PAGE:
The results of the Cancun Summit are reflected in the so-called “Agreements in Cancun for a new era of international cooperation on climate change”, signed by 193 of the 194 parties belonging to the United Nations Framework Convention on Climate Change (Bolivia has not signed and has announced that it will challenge the documentin front of the Court of The Hague).
Some of the most important aspects reflected in the Copenhagen Accords are:
- For the first time, a United Nations document recognizes the need to keep global warming below two degrees Celsius with respect to the temperature of the pre-industrial era and establishes a process to define a date of maximum peak for world emissions with a reduction objective in the 2050 horizon.
- The emissions efforts of developed and developing countries have been integrated into the United Nations process and a process has been instituted to help clarify them.
- It includes an agreement on the initiation of a process to reinforce the transparency of the actions aimed at reducing or limiting emissions, in order to carry out a more effective monitoring of the progress achieved.
- The objective of developed countries to allocate, from now (2010) to 2020, 100,000 million dollars a year to finance climate actions in developing countries is confirmed. In this way, a Green Fund for the climate will be created, which will channel an important part of this financing.
- Adaptation activities are reinforced in the face of the impacts of climate change.
- A mechanism is established REDD+ which will contribute to the initiative to reduce emissions from deforestation and forest degradation in developing countries.
- An agreement is established regarding the convenience of establishing new mechanisms for the carbon market that are not limited to a project-based system.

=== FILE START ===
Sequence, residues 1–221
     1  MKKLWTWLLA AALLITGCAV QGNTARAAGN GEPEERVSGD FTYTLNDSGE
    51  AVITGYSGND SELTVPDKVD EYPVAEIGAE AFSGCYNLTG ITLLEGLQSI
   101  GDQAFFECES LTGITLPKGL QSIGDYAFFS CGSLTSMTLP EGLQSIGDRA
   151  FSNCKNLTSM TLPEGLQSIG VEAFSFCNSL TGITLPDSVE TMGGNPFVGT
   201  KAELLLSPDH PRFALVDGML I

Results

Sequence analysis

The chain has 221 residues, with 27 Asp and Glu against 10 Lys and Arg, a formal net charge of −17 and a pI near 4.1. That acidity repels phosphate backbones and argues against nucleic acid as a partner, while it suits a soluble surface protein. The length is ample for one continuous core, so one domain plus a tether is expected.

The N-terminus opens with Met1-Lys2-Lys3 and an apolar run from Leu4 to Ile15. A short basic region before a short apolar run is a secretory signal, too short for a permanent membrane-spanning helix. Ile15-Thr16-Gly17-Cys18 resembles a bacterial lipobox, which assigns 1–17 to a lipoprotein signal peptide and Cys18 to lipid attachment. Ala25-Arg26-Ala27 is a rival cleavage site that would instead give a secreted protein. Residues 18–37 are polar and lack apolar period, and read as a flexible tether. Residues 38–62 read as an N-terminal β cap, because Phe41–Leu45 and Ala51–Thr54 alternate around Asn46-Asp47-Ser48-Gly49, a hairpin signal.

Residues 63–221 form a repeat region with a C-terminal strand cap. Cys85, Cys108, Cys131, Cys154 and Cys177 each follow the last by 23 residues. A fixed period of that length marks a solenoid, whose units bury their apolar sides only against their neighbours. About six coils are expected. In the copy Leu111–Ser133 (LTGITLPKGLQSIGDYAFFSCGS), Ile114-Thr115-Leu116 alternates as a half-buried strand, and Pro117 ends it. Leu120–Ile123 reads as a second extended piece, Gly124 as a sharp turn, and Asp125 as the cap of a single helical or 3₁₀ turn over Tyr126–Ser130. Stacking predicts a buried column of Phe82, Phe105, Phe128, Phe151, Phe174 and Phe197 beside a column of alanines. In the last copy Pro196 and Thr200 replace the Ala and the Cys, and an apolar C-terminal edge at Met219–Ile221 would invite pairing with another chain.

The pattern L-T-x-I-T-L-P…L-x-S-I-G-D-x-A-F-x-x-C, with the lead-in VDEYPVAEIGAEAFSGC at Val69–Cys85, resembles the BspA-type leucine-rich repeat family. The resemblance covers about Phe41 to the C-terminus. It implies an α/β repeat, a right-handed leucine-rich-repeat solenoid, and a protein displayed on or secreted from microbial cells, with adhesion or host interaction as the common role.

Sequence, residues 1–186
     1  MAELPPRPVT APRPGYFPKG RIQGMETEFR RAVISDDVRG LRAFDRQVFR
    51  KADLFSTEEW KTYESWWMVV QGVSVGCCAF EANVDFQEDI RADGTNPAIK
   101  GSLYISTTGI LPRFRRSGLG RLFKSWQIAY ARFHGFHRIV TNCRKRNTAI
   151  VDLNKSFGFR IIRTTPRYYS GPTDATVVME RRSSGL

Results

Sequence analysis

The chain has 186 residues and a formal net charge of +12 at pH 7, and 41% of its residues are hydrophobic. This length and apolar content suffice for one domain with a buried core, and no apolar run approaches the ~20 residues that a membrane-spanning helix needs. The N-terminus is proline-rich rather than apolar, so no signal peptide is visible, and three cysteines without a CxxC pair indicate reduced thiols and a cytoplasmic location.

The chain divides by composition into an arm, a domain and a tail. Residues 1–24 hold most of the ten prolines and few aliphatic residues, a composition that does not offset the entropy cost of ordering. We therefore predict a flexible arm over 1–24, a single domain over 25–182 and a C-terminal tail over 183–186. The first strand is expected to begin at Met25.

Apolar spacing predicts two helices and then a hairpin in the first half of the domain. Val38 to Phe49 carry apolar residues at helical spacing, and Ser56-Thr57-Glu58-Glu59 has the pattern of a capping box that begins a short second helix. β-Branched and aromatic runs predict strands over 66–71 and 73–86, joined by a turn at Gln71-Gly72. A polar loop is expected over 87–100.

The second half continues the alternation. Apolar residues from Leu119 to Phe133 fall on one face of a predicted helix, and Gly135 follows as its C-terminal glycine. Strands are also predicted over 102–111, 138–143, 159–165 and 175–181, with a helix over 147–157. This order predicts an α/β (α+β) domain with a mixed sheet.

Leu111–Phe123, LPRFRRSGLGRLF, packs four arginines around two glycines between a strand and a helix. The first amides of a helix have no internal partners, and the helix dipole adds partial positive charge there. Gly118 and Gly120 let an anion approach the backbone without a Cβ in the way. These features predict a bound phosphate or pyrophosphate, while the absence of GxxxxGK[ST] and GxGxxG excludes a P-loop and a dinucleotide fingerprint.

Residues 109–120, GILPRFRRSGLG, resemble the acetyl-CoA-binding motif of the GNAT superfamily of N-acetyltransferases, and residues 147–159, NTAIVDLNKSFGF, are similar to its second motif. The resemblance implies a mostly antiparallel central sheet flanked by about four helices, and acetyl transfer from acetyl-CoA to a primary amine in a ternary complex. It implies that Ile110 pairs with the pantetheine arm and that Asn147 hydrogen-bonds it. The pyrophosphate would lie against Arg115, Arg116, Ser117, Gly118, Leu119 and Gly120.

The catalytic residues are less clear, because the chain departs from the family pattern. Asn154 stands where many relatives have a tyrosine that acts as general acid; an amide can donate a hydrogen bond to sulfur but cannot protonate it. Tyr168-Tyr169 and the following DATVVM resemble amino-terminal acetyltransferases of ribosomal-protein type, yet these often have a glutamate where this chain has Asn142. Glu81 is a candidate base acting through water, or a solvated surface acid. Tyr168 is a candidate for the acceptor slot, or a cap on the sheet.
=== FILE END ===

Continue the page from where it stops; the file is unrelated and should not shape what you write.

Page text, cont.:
- The establishment of a technology mechanism, comprising a technology executive committee and a climate technology center and network, is advocated to promote technology development and transfer.
- The establishment of a transparent process is required to review the adequacy of the goal of keeping global warming below 2°C, without losing sight of the 1.5°C target, which must be reached by 2015.
- One-year extension of the tasks of the ad hoc working groups under the aegis of the United Nations Convention on Climate Change and the Kyoto Protocol, leaving open the legal form of an eventual outcome of the negotiations.
As general conclusions, it can be stated that: the Cancun Summit has cleared up doubts about the viability of the climate negotiations developed within the United Nations; Although no progress has been made in establishing a legally binding agreement, the bases have been strengthened so that obligatory reduction targets are established at the next Summit in South Africa, expanding the mechanisms of the Kyoto Protocol; Although the announcement of the creation of a Green Fund is a positive aspect, it will have to ensure that the financing really flows; This aspect and others related to adaptation are, in turn, positive elements of the Cancun Agreements.